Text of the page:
Out of interest how is wild camping looked upon along the Erie Canal, is it legal or illegal but tolerated if done discreetly or absolutely no?

How is The Hudson River Valley Greenway? It looks like a nice route up to Albany to start the Erie Canal, I am considering doing this route anti-clockwise so I finish with what I believe is a steady downhill into Washington, is there any reason not to do in that direction?

The heat is not too much of a problem for me, I have just finished cycling sea to sea across Southern India and it is pretty warm here.
« Last Edit: February 05, 2023, 08:23:10 pm by Mark Manley »

Offline HikeBikeCook

  • World Traveler
  • *****
  • Posts: 497
  • Touring for over 50 years and still learning
Re: Questions about a possible tour of the NE US
« Reply #5 on: February 06, 2023, 12:57:53 pm »
Some people have wild camped along the Erie. Although I do not recall seeing any designated sites, aside from the locks, I do not recall seeing too many posted "no camping" areas. Potable water may be an issue since the area is fairly developed and there are no "mountain streams" to source water from and the canal water is not something you would want to drink, even if you boiled it for a week :D. Some towns have water spigots along the trail so you could pack water in to camp. We rode during COVID so a lot of services were closed and some public water was turned off.

You can camp at many of the locks. I think stealth camping would work fine if you setup late and packed up early and camped on weekdays versus weekends. We camped mostly in private campgrounds and opted for a few hotel nights to get out of the 90 degree heat in August and the afternoon and evening thunder showers. Bring bug repellant. The mosquitos were horrible, the worst that we have even encountered on any bike trip.

As far as downhill to DC goes, that works on the C&O but the GAP is a steady climb (very gradual) all the way from Pittsburgh to past Meyersdale when you cross the Eastern Continental divide. Once you reach that point you have about a 24 mile downhill run into Cumberland where the GAP and the C&O meet. Once on the C&O the grade is hardly noticeable in most areas. This will help in planning for the Erie and Hudson Valley https://empiretrail.ny.gov/map
Surly Disc Trucker, Lightspeed Classic, Scott Scale, Klein Mantra Comp. First touring bike Peugeot U08 - 1966

Offline Mark Manley

Re: Questions about a possible tour of the NE US
« Reply #6 on: February 06, 2023, 09:15:54 pm »
Some people have wild camped along the Erie. Although I do not recall seeing any designated sites, aside from the locks, I do not recall seeing too many posted "no camping" areas. Potable water may be an issue since the area is fairly developed and there are no "mountain streams" to source water from and the canal water is not something you would want to drink, even if you boiled it for a week :D. Some towns have water spigots along the trail so you could pack water in to camp. We rode during COVID so a lot of services were closed and some public water was turned off.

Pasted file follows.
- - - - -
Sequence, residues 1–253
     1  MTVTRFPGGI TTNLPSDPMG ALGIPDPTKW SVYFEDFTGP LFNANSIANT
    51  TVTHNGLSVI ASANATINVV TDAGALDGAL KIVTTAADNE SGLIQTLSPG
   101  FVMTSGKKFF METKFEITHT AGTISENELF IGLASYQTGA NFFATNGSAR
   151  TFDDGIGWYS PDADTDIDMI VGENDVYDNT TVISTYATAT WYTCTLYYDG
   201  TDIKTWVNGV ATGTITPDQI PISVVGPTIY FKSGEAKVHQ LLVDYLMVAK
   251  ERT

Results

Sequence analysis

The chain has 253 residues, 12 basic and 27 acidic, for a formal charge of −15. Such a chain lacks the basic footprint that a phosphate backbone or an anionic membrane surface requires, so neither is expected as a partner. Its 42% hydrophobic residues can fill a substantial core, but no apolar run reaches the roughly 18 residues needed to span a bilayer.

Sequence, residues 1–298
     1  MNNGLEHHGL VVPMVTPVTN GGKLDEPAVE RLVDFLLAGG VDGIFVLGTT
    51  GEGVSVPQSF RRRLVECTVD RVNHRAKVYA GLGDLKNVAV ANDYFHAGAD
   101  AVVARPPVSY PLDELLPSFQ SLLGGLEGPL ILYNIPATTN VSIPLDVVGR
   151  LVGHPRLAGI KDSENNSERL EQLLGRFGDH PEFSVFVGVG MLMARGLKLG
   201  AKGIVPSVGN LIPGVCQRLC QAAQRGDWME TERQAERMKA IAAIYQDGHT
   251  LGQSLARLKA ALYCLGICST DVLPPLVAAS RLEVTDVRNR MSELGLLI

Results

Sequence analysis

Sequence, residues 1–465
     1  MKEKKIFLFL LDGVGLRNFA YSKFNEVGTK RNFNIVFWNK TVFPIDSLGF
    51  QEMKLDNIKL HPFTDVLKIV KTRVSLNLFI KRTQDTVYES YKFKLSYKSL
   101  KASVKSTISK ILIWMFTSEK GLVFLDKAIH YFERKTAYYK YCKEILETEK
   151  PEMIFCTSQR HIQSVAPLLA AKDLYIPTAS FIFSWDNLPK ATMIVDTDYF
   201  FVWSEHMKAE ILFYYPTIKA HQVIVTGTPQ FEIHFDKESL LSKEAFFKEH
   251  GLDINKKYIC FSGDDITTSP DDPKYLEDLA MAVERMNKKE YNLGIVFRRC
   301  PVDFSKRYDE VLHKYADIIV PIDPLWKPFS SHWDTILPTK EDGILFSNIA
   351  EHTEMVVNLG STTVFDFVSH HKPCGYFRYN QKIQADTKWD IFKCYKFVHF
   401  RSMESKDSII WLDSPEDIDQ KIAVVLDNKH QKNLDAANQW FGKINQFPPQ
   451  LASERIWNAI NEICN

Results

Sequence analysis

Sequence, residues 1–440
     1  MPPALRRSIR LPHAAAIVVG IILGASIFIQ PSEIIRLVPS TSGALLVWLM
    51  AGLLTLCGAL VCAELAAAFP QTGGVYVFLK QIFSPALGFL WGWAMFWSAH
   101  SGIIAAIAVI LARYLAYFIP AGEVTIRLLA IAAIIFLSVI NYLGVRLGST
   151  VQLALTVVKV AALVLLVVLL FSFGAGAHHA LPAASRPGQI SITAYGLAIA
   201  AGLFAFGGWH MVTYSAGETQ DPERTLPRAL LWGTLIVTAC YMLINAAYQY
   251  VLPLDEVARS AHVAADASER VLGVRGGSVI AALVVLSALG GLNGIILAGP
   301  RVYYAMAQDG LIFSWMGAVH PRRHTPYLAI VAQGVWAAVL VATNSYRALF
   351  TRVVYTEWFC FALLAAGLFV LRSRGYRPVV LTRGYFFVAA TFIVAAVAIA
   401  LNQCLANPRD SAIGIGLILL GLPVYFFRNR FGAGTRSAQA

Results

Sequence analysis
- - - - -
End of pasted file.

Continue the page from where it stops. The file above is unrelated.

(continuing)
You can camp at many of the locks. I think stealth camping would work fine if you setup late and packed up early and camped on weekdays versus weekends. We camped mostly in private campgrounds and opted for a few hotel nights to get out of the 90 degree heat in August and the afternoon and evening thunder showers. Bring bug repellant. The mosquitos were horrible, the worst that we have even encountered on any bike trip.

As far as downhill to DC goes, that works on the C&O but the GAP is a steady climb (very gradual) all the way from Pittsburgh to past Meyersdale when you cross the Eastern Continental divide. Once you reach that point you have about a 24 mile downhill run into Cumberland where the GAP and the C&O meet. Once on the C&O the grade is hardly noticeable in most areas. This will help in planning for the Erie and Hudson Valley https://empiretrail.ny.gov/map

Good information thank you, it looks like plenty of water bottles are the order of the day, I see there are quite a few locks along it's length so if most or all have camping areas that should not be a problem.

Offline BikeliciousBabe

Re: Questions about a possible tour of the NE US
« Reply #7 on: February 20, 2023, 02:07:53 pm »
Bring ear plugs since there is a very active rail line across the river from most of these campsites. Trains are required to blow their whistle three times at each road crossing and towns can have multiple crossings. Check this site for good info https://bikecando.com/

I took this video the first time I camped at Husky Haven. Wait for it, and turn up the volume for full effect. It’s the Amtrak service from D.C.

https://www.youtube.com/watch?v=_eBa1j8F0dk